10. What is the biggest opportunity that the core offers, and what is the biggest barrier. How will you approach these?

I think the core offers two strengths that will lead to opportunities for economic growth: the first is easy access to everything a business could need or want; the second is character – for example: great old buildings, Gore Park and the waterfront. Part of my strategy is going to be to present these strengths to companies that do not currently operate in Hamilton (read: in downtown Toronto). When you add the very affordable housing stock throughout Hamilton to the mix, I see our downtown as a fantastic opportunity for regional offices for the national and international companies, and for head offices of the regional firms, particularly in the financial services and not-for-profit sectors.

Special thanks to Glen for his contribution to "The Hamiltonian" , for his service to the city, and for his interest in our city.

Blog Policy Note: Bad language, name calling or other inappropriate posts will not be tolerated. Posts of this nature will not be edited. Rather, they will not be posted. Please keep your comments respectful

Friday, September 11, 2009

820 Talk Radio Profiles The Hamiltonian Blog/Ezine Ghosts and Posts

Mike Nabuurs from 820 Talk Radio, was kind enough to profile The Hamiltonian blog/ezine on his show Nabuurs and Friends. The show aired today. It was an great opportunity to speak about the blog/ezines's purpose and objectives and I enjoyed talking with Mike on air. Visit Mike and the good people at 820 here 

Download the interview : Part 1 Part 2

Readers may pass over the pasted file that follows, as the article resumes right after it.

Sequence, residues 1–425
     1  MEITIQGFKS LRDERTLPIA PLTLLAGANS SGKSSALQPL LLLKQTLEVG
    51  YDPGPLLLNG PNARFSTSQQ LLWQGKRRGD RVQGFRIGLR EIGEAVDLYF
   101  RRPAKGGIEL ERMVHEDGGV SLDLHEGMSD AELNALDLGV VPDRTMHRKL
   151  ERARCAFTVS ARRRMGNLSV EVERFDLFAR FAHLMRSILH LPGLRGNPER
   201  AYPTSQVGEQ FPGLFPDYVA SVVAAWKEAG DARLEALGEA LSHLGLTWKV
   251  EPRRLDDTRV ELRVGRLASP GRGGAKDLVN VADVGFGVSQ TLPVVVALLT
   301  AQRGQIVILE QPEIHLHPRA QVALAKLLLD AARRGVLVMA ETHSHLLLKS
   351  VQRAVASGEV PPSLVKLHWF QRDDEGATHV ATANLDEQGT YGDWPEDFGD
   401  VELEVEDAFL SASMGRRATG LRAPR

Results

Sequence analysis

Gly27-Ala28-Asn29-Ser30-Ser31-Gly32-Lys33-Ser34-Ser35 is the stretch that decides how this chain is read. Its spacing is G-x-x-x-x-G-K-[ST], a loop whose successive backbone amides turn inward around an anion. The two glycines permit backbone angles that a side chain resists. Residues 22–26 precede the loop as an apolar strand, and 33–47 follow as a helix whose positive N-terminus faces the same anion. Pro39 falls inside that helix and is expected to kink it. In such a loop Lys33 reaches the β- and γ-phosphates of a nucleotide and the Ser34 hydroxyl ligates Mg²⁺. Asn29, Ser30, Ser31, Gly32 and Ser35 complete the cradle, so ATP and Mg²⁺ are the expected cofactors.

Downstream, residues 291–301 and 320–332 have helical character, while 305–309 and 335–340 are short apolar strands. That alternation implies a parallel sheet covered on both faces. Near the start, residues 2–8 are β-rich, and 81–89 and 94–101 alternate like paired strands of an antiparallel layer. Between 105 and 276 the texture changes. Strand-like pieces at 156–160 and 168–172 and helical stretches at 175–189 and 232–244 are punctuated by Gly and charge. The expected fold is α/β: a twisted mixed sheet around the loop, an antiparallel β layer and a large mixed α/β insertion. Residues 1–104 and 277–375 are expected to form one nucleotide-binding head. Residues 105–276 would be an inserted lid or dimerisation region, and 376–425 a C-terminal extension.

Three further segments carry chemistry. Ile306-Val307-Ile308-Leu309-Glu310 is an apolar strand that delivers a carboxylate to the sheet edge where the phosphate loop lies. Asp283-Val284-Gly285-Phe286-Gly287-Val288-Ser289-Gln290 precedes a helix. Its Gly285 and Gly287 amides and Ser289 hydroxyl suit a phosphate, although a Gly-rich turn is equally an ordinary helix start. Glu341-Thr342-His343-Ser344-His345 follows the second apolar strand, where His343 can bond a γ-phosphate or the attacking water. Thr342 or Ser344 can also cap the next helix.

Ghosts and Posts

"Lurking" on a blog describes people who visit a blog, follow it and read the posts and commentary, but do not post comments. Lurking is quite common and is welcome here.

At the same time, I would encourage folks to post their opinions and views. The blog allows for anonymous posting and as long as you follow the blog policy, your views will be posted. So, please weigh in on issues. Your contribution is valued here. If logging in anonymously, I encourage you to use a screen name so that your comments can be discerned from other anonymous posters.

5000 Hits
We are now over 5000 hits in a mere matter of weeks. I say "we" because this is very much a collective accomplishment. Thank-you for your continued interest in this blog and please continue to alert people to it. Blast it out over Facebook, Twitter or any other means. Let's shoot for 10,000 hits.

Thursday, September 10, 2009

Revamping The Royal Connaught Hotel

The Royal Connaught Hotel, in its hey day was an elegant icon in the heart of our downtown. Sadly, it has lied dormant with several attempts to revive it, failing based on financial and other considerations.
The hotel's owners are seeking more than $18 million in government assistance for a $27-million mixed-use project that would feature 100 units with rents 20 per cent below market value, another 106 market-rate units and 20,000 square feet of commercial space.The units would be geared toward seniors and persons living with a disability.

The plan is being received with mixed feedback. Harry Stinson, for example, referred to it as a “sad evolution” while, at the same time, recognizing the value of having the building occupied.
See Spec story

Does this plan fit with what your vision for downtown Hamilton is? Do you support this direction?

Wednesday, September 9, 2009

10 Tough Questions with Mahesh P. Butani

Mahesh Butani has an interest in re-developing old buildings in downtown Hamilton. Mr. Butani is an engaged citizen, businessman and  blogger. I think you will find his answers insightful and interesting. Please post your comments.

1. As someone who has experience putting together deals for investment in our downtown, can you describe the challenges of attracting investment into Hamilton. On the flip side, when deals did come together, what elements were in play that contributed to success?

The challenges of attracting investment into Hamilton are markedly different for different parts of the city, as they are for different types of development projects.